What is mental fitness
(and why make it a priority)?

You probably know that your physical health can affect your mental health and wellbeing. But did you know that it also works the other way around? Quite simply, your stress levels, how well you deal with things, and how you feel from day-to-day can significantly affect all aspects of your life — including your physical health. If you’re not feeling quite 100 per cent mentally, then chances your physical health will also be a bit out of shape. That’s where mental fitness comes in.

 

What is mental fitness?

Many blokes include regular physical exercise as part of their routine, yet they do little to keep their mental health in working order. In fact, looking after yourself mentally is just as important as exercising, eating well, and watching your intake of alcohol, tobacco and other potentially harmful substances. More to the point, neglecting mental and emotional health can have serious consequences, a fact that is evident in, for example, the staggering gender differences in suicide and substance abuse rates.

So what is mental fitness? Basically, it’s another way of taking care of yourself and your mental health. It’s not about training your brain or solving puzzles. Rather, it’s about taking a bit of time out to keep things running smoothly upstairs. Working on your mental fitness builds your inner strength and resilience, preparing you to deal with life’s stresses and difficulties.

In the same way that caring for your body can help prevent disease, so too can looking after ‘head health’ help shield you from life’s worries and stresses.

 

The mental fitness routine

It’s been thoroughly established that the best way to deal with mental health concerns is to take preventative action to stop them from happening in the first place.

So what does prevention look like? An easy way to take action is to get into a ‘mental fitness’ routine. Here are some great ways to get you started.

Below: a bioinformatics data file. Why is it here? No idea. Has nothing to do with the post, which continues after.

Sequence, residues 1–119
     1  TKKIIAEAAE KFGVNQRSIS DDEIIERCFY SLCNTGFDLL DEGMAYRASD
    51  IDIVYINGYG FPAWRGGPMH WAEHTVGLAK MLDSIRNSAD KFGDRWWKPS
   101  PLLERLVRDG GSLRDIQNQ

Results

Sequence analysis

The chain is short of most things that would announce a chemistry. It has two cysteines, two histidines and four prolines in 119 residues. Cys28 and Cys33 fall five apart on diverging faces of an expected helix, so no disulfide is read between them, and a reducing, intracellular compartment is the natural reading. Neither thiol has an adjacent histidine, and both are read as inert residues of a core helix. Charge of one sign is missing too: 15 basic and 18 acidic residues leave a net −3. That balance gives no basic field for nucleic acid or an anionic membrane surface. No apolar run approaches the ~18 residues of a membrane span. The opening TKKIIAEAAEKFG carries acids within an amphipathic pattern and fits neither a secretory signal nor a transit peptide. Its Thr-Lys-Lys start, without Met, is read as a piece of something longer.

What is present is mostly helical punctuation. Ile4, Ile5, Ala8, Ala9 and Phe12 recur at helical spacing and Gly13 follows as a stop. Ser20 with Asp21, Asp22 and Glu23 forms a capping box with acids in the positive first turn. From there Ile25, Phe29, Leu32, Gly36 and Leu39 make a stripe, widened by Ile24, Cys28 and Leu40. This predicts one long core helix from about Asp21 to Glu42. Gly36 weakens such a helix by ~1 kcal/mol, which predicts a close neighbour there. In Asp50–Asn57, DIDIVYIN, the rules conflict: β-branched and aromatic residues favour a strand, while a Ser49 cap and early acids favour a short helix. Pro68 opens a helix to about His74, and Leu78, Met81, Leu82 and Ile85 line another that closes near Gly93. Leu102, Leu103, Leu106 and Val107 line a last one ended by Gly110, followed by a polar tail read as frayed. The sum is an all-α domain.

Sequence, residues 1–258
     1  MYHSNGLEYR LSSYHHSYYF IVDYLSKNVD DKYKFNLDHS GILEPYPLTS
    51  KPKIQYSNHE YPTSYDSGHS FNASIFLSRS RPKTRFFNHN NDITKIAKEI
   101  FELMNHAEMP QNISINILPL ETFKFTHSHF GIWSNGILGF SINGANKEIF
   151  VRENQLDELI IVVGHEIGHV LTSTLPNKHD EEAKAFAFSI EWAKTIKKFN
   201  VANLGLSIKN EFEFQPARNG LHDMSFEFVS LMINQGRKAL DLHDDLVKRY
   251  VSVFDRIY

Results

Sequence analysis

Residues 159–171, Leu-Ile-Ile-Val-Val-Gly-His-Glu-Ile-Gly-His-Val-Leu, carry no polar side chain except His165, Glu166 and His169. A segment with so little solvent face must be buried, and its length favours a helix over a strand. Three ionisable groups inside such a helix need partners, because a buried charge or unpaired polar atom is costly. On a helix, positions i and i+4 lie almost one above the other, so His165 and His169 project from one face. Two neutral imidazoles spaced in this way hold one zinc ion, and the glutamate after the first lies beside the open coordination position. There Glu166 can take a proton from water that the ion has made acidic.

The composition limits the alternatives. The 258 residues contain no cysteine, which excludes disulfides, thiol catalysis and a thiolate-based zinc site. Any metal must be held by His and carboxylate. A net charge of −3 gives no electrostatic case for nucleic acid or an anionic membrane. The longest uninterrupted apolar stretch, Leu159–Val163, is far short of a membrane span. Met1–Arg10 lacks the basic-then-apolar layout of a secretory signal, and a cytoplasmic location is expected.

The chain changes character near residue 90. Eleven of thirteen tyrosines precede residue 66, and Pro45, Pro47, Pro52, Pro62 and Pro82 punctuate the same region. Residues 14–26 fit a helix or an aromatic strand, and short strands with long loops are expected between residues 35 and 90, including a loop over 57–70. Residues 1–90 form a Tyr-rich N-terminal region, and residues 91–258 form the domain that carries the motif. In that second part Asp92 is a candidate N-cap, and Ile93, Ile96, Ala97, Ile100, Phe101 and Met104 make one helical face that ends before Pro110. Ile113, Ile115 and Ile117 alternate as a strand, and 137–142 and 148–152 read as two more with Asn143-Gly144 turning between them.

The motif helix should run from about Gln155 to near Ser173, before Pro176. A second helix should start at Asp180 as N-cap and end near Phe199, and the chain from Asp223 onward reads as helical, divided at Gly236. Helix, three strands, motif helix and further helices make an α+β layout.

1. Taking ‘chill time’

A quick break from the busy hustle of daily life can help you adjust, calm down and see things in a better light. It’s remarkably simple and yet it can benefit your mental fitness.

  • Frequency: Daily.
  • Reps / sets / duration: 10 minutes to an hour
  • Technique / form:
    • Find a space free from distractions (including your phone). Get comfortable and just be alone with your thoughts for a few minutes. Don’t think about what to do or what’s been done right or wrong. Just go about it and chill out.

 

  1. Time with mates and family

Time spent with the people who are most important to you has been repeatedly shown to benefit your wellbeing. In fact, it’s even thought to contribute to greater life expectancy. Hanging out with ‘our people’ lets you take time out, talk about what’s going on in life, and even vent or just have a good laugh.

  • Frequency: Weekly or fortnightly, whatever you can reasonably manage.
  • Reps / sets / duration: Anywhere from an hour to a day or two.
  • Technique / form:
    • Make a list of the people that you like hanging out with (even if it’s been a while). Make sure they’re the people who make you feel good, whether it’s your partner, a good mate, your children, your parents or even old friends.
    • List them in rough order of importance. Don’t stress about how important they ‘should’ be but go with how they make you feel after you normally spend quality time with them. The better you feel afterwards, the higher on the list they should be.
    • Find time to hang out. Try to find more time if they’re in your top three list.
    • Get in touch and meet up. Once you’ve seen them, making it a regular catch-up gives you something to look forward to.